Eleven things your doctor wishes you wouldn’t do before a pap smear.

Getting a pap smear is never an enjoyable experience, but it’s a necessary evil. Dr Mary Stewart is the Acting Medical Director at Family Planning NSW. Here she reveals 11 things that your doctor wishes you wouldn’t do before a pap test – for both your sakes.

1. Vajazzle before your appointment

“I wish women wouldn’t worry about having to shave or wax before coming to see me, because I really don’t care if they’ve waxed or shaved, and it’s entirely up to them what they want to do with their pubic hair – we see all sorts of different women with all sorts of embellishments on their vulva and it makes no difference to us.

“I’m really sorry I didn’t shave,” is one thing I hear – and my response? It absolutely doesn’t matter either way.” 


2. Not telling your doctor when you have a concern about your vulva

“I think it’s important that women tell us what they are concerned about before we examine them – this way we can see if there is a problem and reassure them if there isn’t.

“Sometimes a client will ask once they’re putting their clothes back on, “Did you notice that area on my vulva I’m worried about?” it’s not particularly helpful at that point – if they mentioned it up front it would be much more beneficial.”

3.  Book a short appointment

“I wish women booked longer appointments! Even though it’s a short procedure, it does take a little bit of time beforehand to talk about it, fill in forms, and it’s a good opportunity to talk about other reproduction and sexual health issues.

“Just let the receptionist know beforehand that it’s for a pap test, or they can tell them they would like a long consultation, that way the appropriate time can be booked.”


4. Wear clothes that take a long time to change in and out of 

“Make sure you wear comfortable clothes that you feel comfortable taking on and off without feeling embarrassed.

“To be having a conversation with your GP while struggling to put stockings back on can be uncomfortable, and awkward [for the patient].”

Pap test
Image: iStock


5. Not telling your doctor that you have found pap smears uncomfortable in the past

“I wish women would tell us if they had difficulties with pap smears before, because it shouldn’t be a painful procedure. If we know it has been a uncomfortable in the past, there are things we can do to make sure our patient is a little bit more at ease.”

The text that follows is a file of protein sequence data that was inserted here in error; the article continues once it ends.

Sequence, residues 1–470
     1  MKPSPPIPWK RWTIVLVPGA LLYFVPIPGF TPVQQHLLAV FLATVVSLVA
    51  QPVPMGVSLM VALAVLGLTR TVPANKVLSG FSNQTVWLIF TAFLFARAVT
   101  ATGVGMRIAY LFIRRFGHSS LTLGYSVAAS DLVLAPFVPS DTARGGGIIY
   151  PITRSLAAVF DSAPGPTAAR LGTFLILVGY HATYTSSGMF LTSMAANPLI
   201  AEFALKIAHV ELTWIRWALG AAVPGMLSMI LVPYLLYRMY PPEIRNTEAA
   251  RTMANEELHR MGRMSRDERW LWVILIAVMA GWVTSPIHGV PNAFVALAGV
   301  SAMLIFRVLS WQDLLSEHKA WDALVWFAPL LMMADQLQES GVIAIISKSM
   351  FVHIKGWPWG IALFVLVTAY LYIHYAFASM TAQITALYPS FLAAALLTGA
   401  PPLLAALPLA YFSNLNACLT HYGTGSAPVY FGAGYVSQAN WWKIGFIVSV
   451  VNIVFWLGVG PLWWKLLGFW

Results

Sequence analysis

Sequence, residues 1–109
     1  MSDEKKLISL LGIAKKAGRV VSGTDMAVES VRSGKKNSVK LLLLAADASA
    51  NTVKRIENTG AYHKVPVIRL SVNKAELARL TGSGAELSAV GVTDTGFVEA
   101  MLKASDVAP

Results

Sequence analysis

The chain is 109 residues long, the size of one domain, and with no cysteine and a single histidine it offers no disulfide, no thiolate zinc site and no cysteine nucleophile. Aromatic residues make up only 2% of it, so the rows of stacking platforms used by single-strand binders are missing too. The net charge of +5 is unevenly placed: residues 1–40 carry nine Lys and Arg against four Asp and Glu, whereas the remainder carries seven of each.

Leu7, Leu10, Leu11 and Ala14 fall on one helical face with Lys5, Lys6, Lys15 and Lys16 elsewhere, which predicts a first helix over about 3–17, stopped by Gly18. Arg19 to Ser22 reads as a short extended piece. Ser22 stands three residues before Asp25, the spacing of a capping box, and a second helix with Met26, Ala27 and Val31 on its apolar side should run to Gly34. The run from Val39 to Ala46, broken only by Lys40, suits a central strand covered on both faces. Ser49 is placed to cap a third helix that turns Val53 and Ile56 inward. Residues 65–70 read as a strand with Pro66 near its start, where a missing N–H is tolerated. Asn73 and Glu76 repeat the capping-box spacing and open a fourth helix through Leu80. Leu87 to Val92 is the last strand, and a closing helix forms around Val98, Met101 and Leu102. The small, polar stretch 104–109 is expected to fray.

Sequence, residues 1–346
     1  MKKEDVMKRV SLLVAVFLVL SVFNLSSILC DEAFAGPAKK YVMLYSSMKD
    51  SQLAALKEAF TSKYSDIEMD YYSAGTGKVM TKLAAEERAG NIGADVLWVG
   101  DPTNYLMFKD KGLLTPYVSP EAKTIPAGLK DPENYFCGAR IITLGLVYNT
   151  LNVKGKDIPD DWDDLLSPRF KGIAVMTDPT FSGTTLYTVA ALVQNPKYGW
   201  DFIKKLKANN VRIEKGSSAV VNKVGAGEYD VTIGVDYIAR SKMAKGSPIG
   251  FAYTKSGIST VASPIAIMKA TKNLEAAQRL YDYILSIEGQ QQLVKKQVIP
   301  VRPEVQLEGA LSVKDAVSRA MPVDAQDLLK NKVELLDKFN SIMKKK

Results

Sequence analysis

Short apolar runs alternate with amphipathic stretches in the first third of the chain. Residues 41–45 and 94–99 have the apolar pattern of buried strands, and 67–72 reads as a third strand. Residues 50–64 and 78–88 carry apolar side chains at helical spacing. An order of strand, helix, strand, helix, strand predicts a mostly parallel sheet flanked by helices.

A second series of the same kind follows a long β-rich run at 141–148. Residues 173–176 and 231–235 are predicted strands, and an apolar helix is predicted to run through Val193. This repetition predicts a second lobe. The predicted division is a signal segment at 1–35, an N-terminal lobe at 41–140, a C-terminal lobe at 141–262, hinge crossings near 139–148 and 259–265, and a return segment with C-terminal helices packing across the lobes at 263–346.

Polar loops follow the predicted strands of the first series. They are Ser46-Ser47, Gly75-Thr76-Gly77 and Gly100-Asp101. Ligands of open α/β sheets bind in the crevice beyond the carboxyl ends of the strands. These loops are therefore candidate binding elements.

6. Not having oestrogen pills beforehand if you’re post menopausal.

“Women who are post menopausal can see their doctor a week or two before their pap test to request some vaginal oestrogen cream or tablets – this will ensure that the procedure is a little bit more comfortable for them.

“Evidence shows this also improves the accuracy of the results and minimises the need for repeat tests.”

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7.  Come in on the heaviest day of your period

“Women don’t have to wait until they’re exactly mid cycle, though some women think they might need to. So long as they’re not bleeding at the time, it’s absolutely fine.

“Even if there’s a little bit of bleeding it’s still not a problem, but it can mean that the test isn’t easily read by the pathologist and may need to be repeated.”


8. Put fragrance on your vagina

“We recommend that women don’t use lots of fragrances or douche because it disrupts the normal vaginal environment.

“So don’t worry about doing it for your doctor’s behalf! It’s better for your own vaginal health if you’re not over washing anyway.”

Fragrances need not apply.

9. Avoid the bathroom

“It’s a good idea to empty your bladder”.

10. Apologise

“Patients often apologise for having a pap test – they don’t need to apologise – it’s empowering to feel comfortable enough to be examined by a doctor or nurse. It’s my job and I’m happy that it’s something I can do to help women.

“We see the female anatomy all of the time – woman may not do it all of the time – but as health professionals, we do. They should feel comfortable that we’re very comfortable with doing what we do, and it’s not a problem for us.”

11. Worry – it’s really not that bad

There’s nothing I love more than the woman saying afterwards, “that really wasn’t as bad as I thought it would be”, because that makes me feel confident that they’ll be back in for their next pap test – taking care of your health is the most important thing.

Dr Mary Stewart is the Acting Medical Director at Family Planning NSW. Mary practices clinically in the Family Planning NSW Ashfield clinic, is responsible for Family Planning NSW’s training of health professionals and health professional resource development.